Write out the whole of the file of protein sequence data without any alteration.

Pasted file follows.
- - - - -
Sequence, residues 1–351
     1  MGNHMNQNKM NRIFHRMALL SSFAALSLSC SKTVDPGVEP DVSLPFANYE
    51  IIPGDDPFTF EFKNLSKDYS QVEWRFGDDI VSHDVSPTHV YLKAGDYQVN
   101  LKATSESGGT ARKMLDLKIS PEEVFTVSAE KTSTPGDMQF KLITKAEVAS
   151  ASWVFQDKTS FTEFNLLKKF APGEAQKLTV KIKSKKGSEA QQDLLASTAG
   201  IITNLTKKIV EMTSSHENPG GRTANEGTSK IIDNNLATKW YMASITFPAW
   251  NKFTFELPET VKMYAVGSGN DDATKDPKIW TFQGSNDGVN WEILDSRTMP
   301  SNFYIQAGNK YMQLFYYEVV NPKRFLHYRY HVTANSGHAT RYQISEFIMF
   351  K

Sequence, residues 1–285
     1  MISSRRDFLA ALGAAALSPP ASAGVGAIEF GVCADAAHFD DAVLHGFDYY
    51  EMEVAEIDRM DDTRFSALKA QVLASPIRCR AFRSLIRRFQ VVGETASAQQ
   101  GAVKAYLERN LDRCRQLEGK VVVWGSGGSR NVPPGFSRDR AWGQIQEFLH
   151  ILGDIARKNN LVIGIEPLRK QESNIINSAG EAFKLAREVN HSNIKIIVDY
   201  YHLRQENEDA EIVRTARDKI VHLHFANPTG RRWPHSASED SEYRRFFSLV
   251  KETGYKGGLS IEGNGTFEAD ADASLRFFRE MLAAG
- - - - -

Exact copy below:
Sequence, residues 1–351
     1  MGNHMNQNKM NRIFHRMALL SSFAALSLSC SKTVDPGVEP DVSLPFANYE
    51  IIPGDDPFTF EFKNLSKDYS QVEWRFGDDI VSHDVSPTHV YLKAGDYQVN
   101  LKATSESGGT ARKMLDLKIS PEEVFTVSAE KTSTPGDMQF KLITKAEVAS
   151  ASWVFQDKTS FTEFNLLKKF APGEAQKLTV KIKSKKGSEA QQDLLASTAG
   201  IITNLTKKIV EMTSSHENPG GRTANEGTSK IIDNNLATKW YMASITFPAW
   251  NKFTFELPET VKMYAVGSGN DDATKDPKIW TFQGSNDGVN WEILDSRTMP
   301  SNFYIQAGNK YMQLFYYEVV NPKRFLHYRY HVTANSGHAT RYQISEFIMF
   351  K

Sequence, residues 1–285
     1  MISSRRDFLA ALGAAALSPP ASAGVGAIEF GVCADAAHFD DAVLHGFDYY
    51  EMEVAEIDRM DDTRFSALKA QVLASPIRCR AFRSLIRRFQ VVGETASAQQ
   101  GAVKAYLERN LDRCRQLEGK VVVWGSGGSR NVPPGFSRDR AWGQIQEFLH
   151  ILGDIARKNN LVIGIEPLRK QESNIINSAG EAFKLAREVN HSNIKIIVDY
   201  YHLRQENEDA EIVRTARDKI VHLHFANPTG RRWPHSASED SEYRRFFSLV
   251  KETGYKGGLS IEGNGTFEAD ADASLRFFRE MLAAG